The top 19 finalists vying for the coveted Miss Soweto 2023 title have been revealed.
Former Miss South Africa Liesl Laurie-Mthombeni was the host of the event which was also streamed live to audiences who could not attend.
This year’s finalists are Reshoketsoe Monare, Boikobo Mogobeng, Bonolo Motsukunyane, Diana Ndavani, Gugu Masango, Kamogelo Mokone, Katlego Nyama, Khutso Maladzhi, Kwanele Grace Mabunda, Lebogang Mtshali, Lethaukuthula Ayanda Maseko, Lungile Hlubi, Nhlakanipho Amanda Mkongi, Nomfundo Zungu, Nomthandazo Charmaine Madigo, Ofentse Pitso, Ofentse Zamokuhle Radebe, Olerato Sekgothudi and Paige Lynique Harvey.
The beauty queens were showered with pearls of wisdom by some of the guests who have walked the same path.
Beauty queen Augustine Masilela-Chuene, who started her journey in the public eye as Miss Soweto in 1987, joined this year’s finalists as they made their first media appearance in Parktown, Johannesburg.
Masilela-Chuene was joined by “Sowetan” editor Nwabisa Makunga, songbird Azana and flutist Khanyisile Mthetwa. Miss Soweto 2021, Ludina Ngwenya, and current title-holder Tsakane Sono were also in attendance. Sono’s love for pageantry has taken her to compete at Miss SA and Miss Universe.
Also on the panel were Dr Ntsiki Molefe-Osman, a holistic wellness expert, and Nomusa Mlambo, a financial expert. The event served as an empowerment experience for the top 19 finalists, where the all-female panel discussed issues of finance, mental health and identity.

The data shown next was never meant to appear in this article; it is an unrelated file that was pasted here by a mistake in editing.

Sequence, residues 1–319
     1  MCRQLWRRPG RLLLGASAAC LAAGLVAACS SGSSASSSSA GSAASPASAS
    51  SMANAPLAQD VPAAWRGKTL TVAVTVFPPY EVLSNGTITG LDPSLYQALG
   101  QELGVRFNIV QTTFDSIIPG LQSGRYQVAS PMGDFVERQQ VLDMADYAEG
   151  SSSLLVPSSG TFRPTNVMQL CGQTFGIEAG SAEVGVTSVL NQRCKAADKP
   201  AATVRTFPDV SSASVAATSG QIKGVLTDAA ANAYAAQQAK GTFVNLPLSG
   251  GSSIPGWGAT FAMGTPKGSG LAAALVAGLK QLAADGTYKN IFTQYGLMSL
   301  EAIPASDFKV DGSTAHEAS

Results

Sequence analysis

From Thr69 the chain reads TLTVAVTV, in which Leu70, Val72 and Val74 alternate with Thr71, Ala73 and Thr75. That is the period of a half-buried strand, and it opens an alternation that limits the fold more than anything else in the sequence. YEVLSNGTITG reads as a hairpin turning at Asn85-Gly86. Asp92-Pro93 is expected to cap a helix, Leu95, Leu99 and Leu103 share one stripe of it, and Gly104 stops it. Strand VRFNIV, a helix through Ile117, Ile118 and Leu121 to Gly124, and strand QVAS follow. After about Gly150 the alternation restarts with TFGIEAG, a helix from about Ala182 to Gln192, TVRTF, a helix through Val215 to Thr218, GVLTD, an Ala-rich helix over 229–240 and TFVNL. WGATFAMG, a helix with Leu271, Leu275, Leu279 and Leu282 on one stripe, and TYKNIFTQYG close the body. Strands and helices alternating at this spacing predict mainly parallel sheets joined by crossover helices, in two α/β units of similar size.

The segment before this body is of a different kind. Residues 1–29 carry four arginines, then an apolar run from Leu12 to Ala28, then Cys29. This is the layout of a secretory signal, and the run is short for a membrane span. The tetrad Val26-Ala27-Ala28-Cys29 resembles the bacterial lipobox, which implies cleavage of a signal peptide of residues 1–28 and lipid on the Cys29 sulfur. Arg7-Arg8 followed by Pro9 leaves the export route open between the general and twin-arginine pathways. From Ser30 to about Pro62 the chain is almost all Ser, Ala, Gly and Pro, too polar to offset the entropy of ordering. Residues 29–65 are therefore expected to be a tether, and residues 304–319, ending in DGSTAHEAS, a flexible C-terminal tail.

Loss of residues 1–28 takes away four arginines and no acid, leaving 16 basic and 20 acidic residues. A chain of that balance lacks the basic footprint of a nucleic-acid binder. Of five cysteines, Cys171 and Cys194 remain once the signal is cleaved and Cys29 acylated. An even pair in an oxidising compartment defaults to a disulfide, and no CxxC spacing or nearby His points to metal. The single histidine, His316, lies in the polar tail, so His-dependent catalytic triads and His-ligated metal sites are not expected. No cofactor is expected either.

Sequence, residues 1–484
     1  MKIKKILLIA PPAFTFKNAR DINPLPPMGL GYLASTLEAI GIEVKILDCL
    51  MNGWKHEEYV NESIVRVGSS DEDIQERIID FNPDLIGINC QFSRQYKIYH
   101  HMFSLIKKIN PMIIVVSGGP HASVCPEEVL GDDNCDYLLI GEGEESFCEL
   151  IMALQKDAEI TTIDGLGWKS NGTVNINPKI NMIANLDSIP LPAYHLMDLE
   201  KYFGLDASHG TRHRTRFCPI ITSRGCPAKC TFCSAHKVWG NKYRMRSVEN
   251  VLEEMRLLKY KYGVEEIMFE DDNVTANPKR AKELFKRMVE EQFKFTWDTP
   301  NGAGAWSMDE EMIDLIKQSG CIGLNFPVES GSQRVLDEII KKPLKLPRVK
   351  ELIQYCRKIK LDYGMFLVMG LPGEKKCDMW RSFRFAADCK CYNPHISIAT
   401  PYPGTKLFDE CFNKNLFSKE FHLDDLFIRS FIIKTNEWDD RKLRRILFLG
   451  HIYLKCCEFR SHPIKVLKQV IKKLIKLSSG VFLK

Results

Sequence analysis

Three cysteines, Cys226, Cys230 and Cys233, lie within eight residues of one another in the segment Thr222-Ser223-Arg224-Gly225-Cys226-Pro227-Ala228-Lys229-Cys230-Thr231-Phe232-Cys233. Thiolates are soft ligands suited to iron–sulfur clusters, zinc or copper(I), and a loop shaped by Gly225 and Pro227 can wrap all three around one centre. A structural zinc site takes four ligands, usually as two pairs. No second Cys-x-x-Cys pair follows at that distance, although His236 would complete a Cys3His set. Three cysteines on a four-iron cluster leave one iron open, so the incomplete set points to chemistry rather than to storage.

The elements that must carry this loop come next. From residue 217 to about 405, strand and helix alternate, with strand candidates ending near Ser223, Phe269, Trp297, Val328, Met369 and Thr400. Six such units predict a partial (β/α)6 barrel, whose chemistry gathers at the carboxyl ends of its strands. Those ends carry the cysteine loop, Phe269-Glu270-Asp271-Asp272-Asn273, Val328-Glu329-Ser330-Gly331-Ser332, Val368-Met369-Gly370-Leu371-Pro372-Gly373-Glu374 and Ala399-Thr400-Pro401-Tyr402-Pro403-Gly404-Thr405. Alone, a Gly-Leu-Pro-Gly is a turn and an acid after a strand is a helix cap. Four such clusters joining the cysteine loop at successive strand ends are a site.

“I had tried the competition in 1985 and 1986. But going back in 1987, I knew then what I was supposed to do. I knew there was a bigger picture to this. Go there prepared, ready to tackle anything and the world with a purpose,” Masilela-Chuene advised.
Host Laurie-Mthombeni who is from Eldorado Park, won Miss Soweto in 2010 when she was 19, and went on to win Miss SA in 2015.
“I didn’t win the first night, but what I took from that looking back now is that, yes, it was a destiny delayed, not denied, so the spaces that you are in right now, take those opportunities,” she said.
Speaking about her time as an unpaid reporter in Ggeberha in the Eastern Cape, Makunga encouraged the finalists to pursue their goals, no matter what.
“When I left that building, I was editor-in-chief of the newspaper, and the point that I want to make is that people look at you and your dreams and may question whether these dreams are valid. Remember that your dreams are valid,” she said.
“Even in moments when you are planning and working and nothing seems to be a breakthrough, understand that they are still valid. Not a single thing that blossoms into a mighty big thing starts big. Everything that we do that is meaningful starts small. When you have an idea, the important thing to ensure is that you work on it.”